Bench Power Supply

chopnhack

Member
2016-04-01 12:21 am
Grin and bear with me, novice with bench psu questions. :rolleyes:
I am interested in building the psu from this issue of Nuts and Volts.

I am having trouble sourcing transformers. Does anyone have a good source of 120 to 9vac trafos? Ideally one with four secondary bobbins rated at 1A each. If not, then two with two secondaries? I am space limited in the case I intend to use.

Thanks in advance!

p.s. - If not a source specifically, can anyone help me with better search terms to use? I have been looking on google with 9vac, 10va transformer, etc.
 

chopnhack

Member
2016-04-01 12:21 am
T3 and T4 are not 1A, the panel meters require almost a un-measurable amount of power. The article lists them as .065A and even this is overkill.

Least expensive transformers that will work for T3, T4. 9V not available must use 10V.

Power Transformers | Transformers | DigiKey

You are awesome Bob!
Yes, agreed, the two panel meters I have in mind state that they only use less than 20mA. Thank you for the second link to digikey - your search was a lot better than mine!! I only came up with this at 3 times the price. But at least I was moving in the right direction.

I read on some of Triad's (manufacturer of some trafos) datasheets that the secondaries must be wired in series or parallel, this particular unit states that the secondaries can be operated independently (with a 300v difference). Was that a search parameter you selected?
 

powerbob

Member
2010-08-22 12:39 pm
All of the secondary's can be used independently. The manufacture is just giving the specs for the most common use. The 300v isolation is not relevant to your usage.

If you want to use one secondary only or both secondary's that is up to you. In your case you want two secondary's that are separate from each other, so no center tap. A center tap output would have 3 leads and you need 4 leads.

I selected "parallel 10v, series 20v", This can only bring up transformers with two separate secondary's.
 

chopnhack

Member
2016-04-01 12:21 am
All of the secondary's can be used independently.

Thanks again Bob. I see how you narrowed the results.

Take a look at this Triad made trafo.
It has the specs that I am looking at for making two independent low voltage ouputs, but the manufacturer says at the bottom that the secondaries need to be in series or parallel, not independent?

Could I use this for two separate supplies? I intend to make one 5v and the other 3V at no more than 1A. The 3V v. regulator may have some heat issues...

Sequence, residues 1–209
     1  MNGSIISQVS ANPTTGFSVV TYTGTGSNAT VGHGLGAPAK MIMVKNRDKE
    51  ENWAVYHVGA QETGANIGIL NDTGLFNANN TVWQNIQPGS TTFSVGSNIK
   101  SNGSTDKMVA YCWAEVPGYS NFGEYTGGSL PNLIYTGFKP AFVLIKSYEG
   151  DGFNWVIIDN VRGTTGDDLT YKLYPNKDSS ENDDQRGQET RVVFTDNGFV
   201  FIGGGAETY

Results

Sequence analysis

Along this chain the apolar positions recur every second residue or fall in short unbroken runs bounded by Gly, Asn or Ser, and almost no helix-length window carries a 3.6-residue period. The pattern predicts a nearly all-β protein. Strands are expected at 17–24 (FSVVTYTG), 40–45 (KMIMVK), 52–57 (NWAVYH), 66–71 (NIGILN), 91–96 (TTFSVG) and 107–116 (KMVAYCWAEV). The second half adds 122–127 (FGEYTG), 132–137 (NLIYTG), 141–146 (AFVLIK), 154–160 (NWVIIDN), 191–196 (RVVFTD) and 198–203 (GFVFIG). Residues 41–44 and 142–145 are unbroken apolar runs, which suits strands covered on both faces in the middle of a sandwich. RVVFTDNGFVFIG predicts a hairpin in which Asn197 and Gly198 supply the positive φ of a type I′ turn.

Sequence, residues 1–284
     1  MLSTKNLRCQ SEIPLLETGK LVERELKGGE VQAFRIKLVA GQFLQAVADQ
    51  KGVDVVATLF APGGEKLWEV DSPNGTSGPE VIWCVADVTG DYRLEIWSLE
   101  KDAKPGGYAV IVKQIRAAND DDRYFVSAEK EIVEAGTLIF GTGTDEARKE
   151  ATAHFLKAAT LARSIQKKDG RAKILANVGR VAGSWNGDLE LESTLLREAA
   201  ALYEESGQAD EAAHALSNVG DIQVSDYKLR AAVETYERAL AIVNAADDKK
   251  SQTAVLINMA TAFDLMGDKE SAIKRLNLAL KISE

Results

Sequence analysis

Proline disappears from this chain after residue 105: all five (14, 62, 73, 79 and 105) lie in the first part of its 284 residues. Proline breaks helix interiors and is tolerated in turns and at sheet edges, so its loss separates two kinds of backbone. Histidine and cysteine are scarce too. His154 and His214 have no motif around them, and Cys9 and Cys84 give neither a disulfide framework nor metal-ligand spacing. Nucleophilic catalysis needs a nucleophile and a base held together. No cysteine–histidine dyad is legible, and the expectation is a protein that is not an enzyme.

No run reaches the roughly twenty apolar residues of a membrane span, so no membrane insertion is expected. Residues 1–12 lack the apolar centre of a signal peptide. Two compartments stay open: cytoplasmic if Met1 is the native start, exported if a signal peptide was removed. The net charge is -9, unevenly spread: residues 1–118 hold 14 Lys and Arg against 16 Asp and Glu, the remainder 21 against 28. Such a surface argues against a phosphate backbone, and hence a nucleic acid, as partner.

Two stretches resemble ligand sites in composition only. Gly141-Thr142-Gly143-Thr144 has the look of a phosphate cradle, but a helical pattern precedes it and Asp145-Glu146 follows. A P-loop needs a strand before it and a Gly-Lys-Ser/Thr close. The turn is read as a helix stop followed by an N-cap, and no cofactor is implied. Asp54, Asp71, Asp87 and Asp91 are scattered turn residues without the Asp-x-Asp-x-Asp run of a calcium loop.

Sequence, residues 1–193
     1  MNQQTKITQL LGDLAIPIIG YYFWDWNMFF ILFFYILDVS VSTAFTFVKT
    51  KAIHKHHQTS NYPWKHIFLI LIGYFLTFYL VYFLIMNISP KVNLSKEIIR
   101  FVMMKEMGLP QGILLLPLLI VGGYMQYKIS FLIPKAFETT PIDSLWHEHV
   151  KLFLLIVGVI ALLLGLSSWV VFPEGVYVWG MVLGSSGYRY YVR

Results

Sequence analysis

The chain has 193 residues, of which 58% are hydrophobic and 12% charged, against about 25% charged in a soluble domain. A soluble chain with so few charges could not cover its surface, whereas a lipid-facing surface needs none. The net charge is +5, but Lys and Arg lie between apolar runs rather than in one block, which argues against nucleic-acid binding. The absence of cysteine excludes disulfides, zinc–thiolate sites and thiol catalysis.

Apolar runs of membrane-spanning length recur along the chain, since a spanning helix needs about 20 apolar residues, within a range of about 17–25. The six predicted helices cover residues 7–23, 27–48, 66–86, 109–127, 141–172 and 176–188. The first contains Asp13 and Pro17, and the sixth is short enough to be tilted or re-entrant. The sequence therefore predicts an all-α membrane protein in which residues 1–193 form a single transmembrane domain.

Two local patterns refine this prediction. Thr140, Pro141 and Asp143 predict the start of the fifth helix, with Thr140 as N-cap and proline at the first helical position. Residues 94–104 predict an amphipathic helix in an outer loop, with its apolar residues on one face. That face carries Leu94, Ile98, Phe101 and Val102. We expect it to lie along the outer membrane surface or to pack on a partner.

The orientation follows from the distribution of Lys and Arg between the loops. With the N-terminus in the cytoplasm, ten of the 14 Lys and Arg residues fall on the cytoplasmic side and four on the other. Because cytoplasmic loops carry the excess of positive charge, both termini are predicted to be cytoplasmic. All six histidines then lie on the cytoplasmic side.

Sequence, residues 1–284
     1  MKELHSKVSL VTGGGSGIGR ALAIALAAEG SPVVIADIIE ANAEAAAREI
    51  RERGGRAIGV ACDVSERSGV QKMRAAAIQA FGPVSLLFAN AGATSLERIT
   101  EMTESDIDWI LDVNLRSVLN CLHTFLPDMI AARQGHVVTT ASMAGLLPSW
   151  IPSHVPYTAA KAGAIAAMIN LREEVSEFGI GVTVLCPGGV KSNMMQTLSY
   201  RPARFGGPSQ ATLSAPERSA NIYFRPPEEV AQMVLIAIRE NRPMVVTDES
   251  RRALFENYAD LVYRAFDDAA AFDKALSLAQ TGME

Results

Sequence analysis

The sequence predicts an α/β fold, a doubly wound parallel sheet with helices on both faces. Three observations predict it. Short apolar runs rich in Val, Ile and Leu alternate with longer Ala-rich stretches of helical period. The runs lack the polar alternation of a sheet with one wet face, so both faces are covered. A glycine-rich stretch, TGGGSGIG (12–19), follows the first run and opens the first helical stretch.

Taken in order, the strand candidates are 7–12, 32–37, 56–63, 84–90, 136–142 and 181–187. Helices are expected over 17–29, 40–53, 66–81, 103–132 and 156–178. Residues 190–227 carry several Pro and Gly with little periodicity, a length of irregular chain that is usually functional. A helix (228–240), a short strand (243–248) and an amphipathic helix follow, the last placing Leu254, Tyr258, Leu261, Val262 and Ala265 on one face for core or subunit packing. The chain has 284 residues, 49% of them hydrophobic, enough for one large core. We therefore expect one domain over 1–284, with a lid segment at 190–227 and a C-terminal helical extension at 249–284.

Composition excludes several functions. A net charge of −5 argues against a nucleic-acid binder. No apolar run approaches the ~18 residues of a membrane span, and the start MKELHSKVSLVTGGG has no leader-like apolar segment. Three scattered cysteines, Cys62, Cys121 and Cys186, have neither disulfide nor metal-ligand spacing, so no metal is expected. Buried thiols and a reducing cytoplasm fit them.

chopnhack

Member
2016-04-01 12:21 am
Oh, no worries.

Yes, I selected a trafo for the meters! Thank you for that :)

Sorry for the confusion! I have moved on to the next trafo needed, which will be to power one 5v output and another for a 3v output. These are solely to be dedicated to powering mcu projects and the associated gizmos that might accompany them. That is why I want no more than 1A.

LOL, I have been tutored on reading the datasheet ;-)
 

powerbob

Member
2010-08-22 12:39 pm
The cheapest one looks like a good match for you.

"The F20-055-C2 is a single primary and dual secondary, split bobbin design which
operates with an input of 115V. The secondaries are 10V @ 0.055A each. They
can be used independently (up to 300V difference between them) or in series for
double the voltage or in parallel for double the current."
 

chopnhack

Member
2016-04-01 12:21 am
This search i looked for single secondary and wider voltage range, because you want to do 3.3vdc also. With a LDO low dropout regulator you can use a much lower voltage transformer. These transformers all came up as chassis mount.

Power Transformers | Transformers | DigiKey

Maybe I was looking at this problem in the wrong way - isolated like the meters required. Are you hinting at, that I can run both v. regs off of the same secondary output so long as there is enough headroom? If that is the case then I should look for a single secondary with about ~3v difference from each required output, add it up, add up the required I plus 50% and search :)

Rubbish...

I see what you are saying, the required headroom for the LDO is much much less... as in mV! Brilliant, apologies. I now know why you are recommending 6.3v trafos. LOL
 
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powerbob

Member
2010-08-22 12:39 pm
Lots of possibility's here. The article stressed all isolated outputs so you can put them in series if you want. For that you need separate transformers for 5v and 3.3v. But if you want to share a transformer for the 3.3 and 5v out, that would work. But the 3.3v regulator would have to work a little harder dropping more voltage than it has to.
 

chopnhack

Member
2016-04-01 12:21 am
Lots of possibility's here. The article stressed all isolated outputs so you can put them in series if you want. For that you need separate transformers for 5v and 3.3v. But if you want to share a transformer for the 3.3 and 5v out, that would work. But the 3.3v regulator would have to work a little harder dropping more voltage than it has to.

Thank you Bob, let me ponder on this some and come back a little more focused with more constrained questions. I can see where I can drift into different designs quite easily from here!

Agreed, though, the 3.3 LDO would have to drop ~2W at 1A (LD1086 in TO-220 package) which would be 10 deg C above room temp, not terrible..

As for isolated, the 3v and 5v outputs would never be series'd in my mind, just don't see the need to when there is two good outputs that can cover that.

I appreciate your time and timely conversation, but its off to bed for me! Thanks again and I will certainly come back to bounce some ideas! :D
Good night!